Wednesday, 20 March 2013

Getting From A to B

The Distance From Should To is…. It’s an idea that fascinated me for a long time. Usually it's a way of comparing policy, theory and announcements to reality. This time it’s about me.

It’s been a while since my last post, and some might think that this gap is a little curious given the recent select committee report on the Draft Social Care Bill. I’ll write about the draft bill shortly but first I’ll talk about the gap.

I’ve just returned  to work following sick leave. Late last year I reluctantly accepted that:

a)   I was suffering from depression
b)   It was stopping me working properly

It took me a long time to get from a to b.

I don’t intend to speculate on the reasons for depression or to spell out the effects. There are other bloggers out there that can do that far better than I. But other people’s openness about their own mental health issues is something I’ve always admired. It was really useful to me when I was finding my own way through. It seems only fair to add my own small contribution.

I also want to publicly acknowledge that there was a problem, particularly for anyone who may have been wondering why I’ve been so bad at communicating with them recently. It wasn’t you, it was me…., back to me.

I should have taken time off earlier. One of the things that stopped me was the belief that I would be able to turn things round. Even when I accepted that I had depression I didn’t accept that it meant that I would be affected by it. Other people? Yes. Me? No.  

I should have been able to sort things out. I was able to seem ok to most people, surely that meant I was almost ok. I was convinced of this, so I piled more and more pressure on myself.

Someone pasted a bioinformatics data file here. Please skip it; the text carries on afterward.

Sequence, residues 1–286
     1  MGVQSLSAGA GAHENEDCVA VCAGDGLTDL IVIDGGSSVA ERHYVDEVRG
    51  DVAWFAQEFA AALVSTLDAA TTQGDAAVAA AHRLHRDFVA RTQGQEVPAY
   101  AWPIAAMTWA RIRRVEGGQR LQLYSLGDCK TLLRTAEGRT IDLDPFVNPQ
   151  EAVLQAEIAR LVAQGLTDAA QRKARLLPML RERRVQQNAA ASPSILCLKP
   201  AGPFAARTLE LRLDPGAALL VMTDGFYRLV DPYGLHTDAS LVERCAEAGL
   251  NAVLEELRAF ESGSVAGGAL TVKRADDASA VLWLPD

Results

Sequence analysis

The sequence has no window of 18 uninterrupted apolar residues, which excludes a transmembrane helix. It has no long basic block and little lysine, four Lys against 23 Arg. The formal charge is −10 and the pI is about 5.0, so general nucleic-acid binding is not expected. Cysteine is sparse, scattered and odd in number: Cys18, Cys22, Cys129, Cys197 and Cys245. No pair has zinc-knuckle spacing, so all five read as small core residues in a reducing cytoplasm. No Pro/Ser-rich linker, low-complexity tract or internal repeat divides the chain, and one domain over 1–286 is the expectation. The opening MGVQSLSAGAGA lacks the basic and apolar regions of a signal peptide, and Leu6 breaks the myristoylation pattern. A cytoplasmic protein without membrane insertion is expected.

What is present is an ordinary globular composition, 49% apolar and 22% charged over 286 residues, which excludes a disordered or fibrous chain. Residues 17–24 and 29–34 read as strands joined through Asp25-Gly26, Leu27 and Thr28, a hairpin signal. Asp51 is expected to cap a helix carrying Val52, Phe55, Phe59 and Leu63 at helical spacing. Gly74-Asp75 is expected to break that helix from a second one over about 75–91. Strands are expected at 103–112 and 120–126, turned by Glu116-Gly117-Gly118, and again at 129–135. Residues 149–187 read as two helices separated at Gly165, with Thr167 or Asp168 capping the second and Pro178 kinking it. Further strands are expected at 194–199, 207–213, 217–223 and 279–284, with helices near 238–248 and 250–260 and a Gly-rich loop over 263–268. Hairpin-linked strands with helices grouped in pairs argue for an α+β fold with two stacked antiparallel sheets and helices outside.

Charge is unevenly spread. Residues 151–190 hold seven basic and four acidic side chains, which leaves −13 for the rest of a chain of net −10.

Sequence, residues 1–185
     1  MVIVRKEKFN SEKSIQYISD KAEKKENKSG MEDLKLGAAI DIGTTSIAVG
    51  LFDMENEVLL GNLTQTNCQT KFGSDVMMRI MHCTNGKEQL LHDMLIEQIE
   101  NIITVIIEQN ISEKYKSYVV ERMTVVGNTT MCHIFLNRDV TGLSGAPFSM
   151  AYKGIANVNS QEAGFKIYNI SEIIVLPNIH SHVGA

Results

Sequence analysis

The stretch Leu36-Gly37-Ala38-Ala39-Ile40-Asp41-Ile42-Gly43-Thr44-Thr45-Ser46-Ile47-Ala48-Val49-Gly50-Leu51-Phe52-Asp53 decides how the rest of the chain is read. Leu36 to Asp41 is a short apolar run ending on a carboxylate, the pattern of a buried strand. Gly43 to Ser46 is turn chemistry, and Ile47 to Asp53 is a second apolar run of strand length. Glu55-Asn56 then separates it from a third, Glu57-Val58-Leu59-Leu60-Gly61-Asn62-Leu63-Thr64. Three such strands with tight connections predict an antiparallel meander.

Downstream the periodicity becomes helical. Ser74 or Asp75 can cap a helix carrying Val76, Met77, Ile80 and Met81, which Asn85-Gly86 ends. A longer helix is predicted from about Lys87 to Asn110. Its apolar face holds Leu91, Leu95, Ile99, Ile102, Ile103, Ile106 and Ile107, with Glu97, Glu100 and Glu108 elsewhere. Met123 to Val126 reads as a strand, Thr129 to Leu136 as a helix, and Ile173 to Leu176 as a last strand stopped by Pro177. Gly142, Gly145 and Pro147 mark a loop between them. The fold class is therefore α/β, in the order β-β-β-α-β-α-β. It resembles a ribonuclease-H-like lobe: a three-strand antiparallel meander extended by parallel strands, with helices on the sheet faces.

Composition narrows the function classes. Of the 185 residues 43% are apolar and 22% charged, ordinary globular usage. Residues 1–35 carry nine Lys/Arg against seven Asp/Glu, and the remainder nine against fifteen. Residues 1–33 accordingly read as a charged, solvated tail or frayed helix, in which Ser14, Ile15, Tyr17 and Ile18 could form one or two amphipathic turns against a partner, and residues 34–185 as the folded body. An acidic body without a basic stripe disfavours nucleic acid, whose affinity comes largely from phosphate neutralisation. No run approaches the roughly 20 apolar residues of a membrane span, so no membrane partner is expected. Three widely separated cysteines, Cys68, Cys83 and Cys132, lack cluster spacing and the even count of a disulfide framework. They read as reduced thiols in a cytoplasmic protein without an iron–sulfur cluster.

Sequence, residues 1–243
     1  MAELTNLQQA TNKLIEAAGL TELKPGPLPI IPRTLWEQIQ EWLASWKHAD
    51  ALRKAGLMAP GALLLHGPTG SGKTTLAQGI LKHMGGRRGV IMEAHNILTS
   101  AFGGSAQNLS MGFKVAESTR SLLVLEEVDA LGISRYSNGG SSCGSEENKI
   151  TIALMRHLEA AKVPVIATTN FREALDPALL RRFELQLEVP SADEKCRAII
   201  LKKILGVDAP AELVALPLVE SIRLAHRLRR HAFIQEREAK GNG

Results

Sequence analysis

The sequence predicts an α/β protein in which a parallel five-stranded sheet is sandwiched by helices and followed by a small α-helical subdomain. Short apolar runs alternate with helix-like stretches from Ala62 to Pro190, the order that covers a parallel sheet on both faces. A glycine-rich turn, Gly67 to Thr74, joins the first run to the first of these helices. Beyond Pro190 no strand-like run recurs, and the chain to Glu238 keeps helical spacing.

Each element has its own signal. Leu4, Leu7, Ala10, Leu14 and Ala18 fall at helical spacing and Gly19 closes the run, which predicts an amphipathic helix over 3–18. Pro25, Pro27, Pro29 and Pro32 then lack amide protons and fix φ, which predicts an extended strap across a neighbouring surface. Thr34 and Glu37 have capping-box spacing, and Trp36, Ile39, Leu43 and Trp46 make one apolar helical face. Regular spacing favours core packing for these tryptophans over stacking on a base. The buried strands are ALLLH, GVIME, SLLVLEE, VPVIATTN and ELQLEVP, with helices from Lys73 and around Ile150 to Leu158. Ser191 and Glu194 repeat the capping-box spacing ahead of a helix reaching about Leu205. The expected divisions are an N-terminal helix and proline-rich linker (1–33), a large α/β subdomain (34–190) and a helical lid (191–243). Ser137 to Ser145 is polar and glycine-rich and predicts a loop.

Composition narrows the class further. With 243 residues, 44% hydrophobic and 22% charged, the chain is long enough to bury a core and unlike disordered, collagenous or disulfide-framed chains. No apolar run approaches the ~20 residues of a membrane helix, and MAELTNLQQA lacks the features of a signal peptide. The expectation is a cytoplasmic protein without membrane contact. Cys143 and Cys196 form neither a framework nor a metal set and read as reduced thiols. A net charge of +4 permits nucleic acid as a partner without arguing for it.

I always felt that I just needed to sort out one more thing. I’d take some time off in a bit, but not just now. The problem was that I was dealing with what should be, not with what was really happening. As a result I worked longer hours, achieved less, and got worse.

If I had broken my leg I wouldn’t have expected myself to keep running. However, despite a lifetime working in and around mental health, I couldn’t accept that depression would reduce my ability to get things done, so I kept going. In retrospect, this was a special kind of idiocy.  It was harder to sort things out, many things didn’t get sorted. I got worse.

Recently I’ve been asking myself why I was so reluctant to accept the impact of my depression. I've came to the uncomfortable realisation that despite many years trying to reduce the stigma and prejudice that people with mental health problems face, despite being a fan of the Time To Change campaign and the Black Dog Tribe, when it came to me I was somehow ashamed. Other people would be affected by mental health problems. Somehow I thought that shouldn’t apply to me.

Well, it did apply to me.

Taking time off was one of the scariest things I’ve ever done. It was probably one of the best things I’ve ever done. As the eagle eyed amongst you may have noticed from my profile, although I’ve returned to Action for Advocacy, I’m not coming back as Chief Executive. I need to make sure I’m able to put some things into that wonderful pile marked “someone else’s problem”, but believe me, I have enough to get my teeth into.  So let me finish by saying a few things both you and I should already know.

Depression is as real as physical illnesses. It has as great an impact as physical illnesses or injuries. I expect that our society should treat mental and physical health problems with a parity of respect and understanding. Mental health problems no more define a person than does a fractured rib. I have spent years of my life challenging fears, assumptions and prejudice about mental health. It’s strange to realise that one of the most ingrained problems was sitting in my own head.